I don't know how many people here in the US have noticed, but the European Community is getting worried about how well its member countries are doing in drug research. Their Pharmaceutical Forum group has met twice so far, trying to recommend changes in drug pricing, rewards for innovation, information transfer to patients, and other areas.
I'll let one of the co-chairmen, Guenter Verheugen, explain the problem:
". . .The time has passed that Europe was the pharmacy of the world. True, our industry still has an inherent strength. But we are losing competitive ground to the United States and, increasingly, to China, India, Singapore and others. There are many worrying signals. Let me mention just two:
First, the widening gap in pharmaceutical research: Over the last 15 years investment in pharmaceutical R&D has been growing in the US significantly and consistently faster than in Europe.
Second, the development of key medicines: In the past, Europe was leading in developing the most successful breakthrough pharmaceuticals. This trend has reversed. In 2004, two thirds of the 30 top selling medicines in the world were developed in the USA."
All of the things the group is looking at seem worthwhile. But I wonder how many of them will do anything to actually change that trend? Phrases like "fair reward for innovation" and "alternative pricing and reimbursement mechanisms" point to one that might. These seem to be carefully worded calls to let the drug companies make a bit more money, in the hopes that they might find it worthwhile to make some more drugs.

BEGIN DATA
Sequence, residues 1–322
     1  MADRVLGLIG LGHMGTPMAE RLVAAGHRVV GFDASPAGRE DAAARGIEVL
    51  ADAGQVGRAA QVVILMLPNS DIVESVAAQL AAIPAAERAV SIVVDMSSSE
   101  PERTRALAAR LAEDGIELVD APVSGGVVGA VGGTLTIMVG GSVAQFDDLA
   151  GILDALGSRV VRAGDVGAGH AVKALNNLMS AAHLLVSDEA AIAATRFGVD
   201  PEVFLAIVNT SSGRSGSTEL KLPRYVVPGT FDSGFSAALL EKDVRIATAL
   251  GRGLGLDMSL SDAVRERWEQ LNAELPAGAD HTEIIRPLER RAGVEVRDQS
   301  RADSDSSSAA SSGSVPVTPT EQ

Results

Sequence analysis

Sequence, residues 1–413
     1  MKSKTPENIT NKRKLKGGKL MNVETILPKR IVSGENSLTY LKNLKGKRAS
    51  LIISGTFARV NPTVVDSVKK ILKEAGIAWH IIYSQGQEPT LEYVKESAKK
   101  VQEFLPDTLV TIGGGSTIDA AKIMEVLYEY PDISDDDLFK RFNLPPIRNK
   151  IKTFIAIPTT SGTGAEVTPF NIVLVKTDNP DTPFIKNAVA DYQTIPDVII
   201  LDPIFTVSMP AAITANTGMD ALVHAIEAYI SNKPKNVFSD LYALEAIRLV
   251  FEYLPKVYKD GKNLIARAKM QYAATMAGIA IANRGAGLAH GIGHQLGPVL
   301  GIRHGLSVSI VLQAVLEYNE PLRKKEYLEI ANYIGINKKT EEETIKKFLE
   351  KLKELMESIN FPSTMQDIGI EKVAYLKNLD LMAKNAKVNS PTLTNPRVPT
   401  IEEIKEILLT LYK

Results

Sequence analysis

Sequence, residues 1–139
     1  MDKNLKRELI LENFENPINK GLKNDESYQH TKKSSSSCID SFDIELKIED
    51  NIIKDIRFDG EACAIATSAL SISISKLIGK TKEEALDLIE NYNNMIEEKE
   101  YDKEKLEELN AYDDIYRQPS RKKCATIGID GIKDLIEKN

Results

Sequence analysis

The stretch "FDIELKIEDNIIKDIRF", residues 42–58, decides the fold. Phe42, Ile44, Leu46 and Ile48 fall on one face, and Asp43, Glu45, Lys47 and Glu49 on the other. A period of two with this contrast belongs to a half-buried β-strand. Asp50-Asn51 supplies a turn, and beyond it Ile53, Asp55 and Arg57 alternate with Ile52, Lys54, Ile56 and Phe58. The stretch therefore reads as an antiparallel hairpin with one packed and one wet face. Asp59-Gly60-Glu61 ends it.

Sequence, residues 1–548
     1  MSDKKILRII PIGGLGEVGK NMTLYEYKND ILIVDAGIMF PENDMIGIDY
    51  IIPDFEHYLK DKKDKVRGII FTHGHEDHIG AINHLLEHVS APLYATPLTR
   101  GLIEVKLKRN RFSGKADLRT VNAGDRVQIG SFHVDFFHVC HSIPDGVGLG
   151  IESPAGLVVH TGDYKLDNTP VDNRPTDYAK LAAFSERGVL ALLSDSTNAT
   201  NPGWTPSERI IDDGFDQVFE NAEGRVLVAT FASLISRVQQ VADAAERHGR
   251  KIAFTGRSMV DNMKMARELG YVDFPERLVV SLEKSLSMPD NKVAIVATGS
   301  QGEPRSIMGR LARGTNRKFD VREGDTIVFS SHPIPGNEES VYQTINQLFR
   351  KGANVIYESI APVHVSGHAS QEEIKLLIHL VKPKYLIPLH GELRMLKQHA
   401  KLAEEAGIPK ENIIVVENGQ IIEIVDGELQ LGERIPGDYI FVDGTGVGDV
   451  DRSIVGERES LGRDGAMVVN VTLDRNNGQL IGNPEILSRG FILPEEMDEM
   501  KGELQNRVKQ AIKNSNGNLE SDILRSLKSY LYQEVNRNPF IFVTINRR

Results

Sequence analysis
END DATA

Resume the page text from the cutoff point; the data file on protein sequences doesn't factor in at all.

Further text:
That's bound to help. It's true that the United States market is where the money is made in this business, and it can't be a coincidence that this is where a lot of the innovation is coming from. But you can always develop a drug in Europe and sell it in the US, right? No, I think that there are other factors at work, cultural ones that no high-level multinational task force is going to pin down.
Perhaps I think this way because I used to work for a European company, and now work in Cambridge (home of a zillion startups). But I've long thought that there's a different attitude to research and development in this country, a greater willingness to try odd ideas and to put money behind them. I'm not saying that you don't find innovation in Europe, because you certainly can. But I think that innovators have, on the average, an easier time getting funded and being taken seriously over here. It's not a huge difference, but it's a steady one, and it's been compounding over time.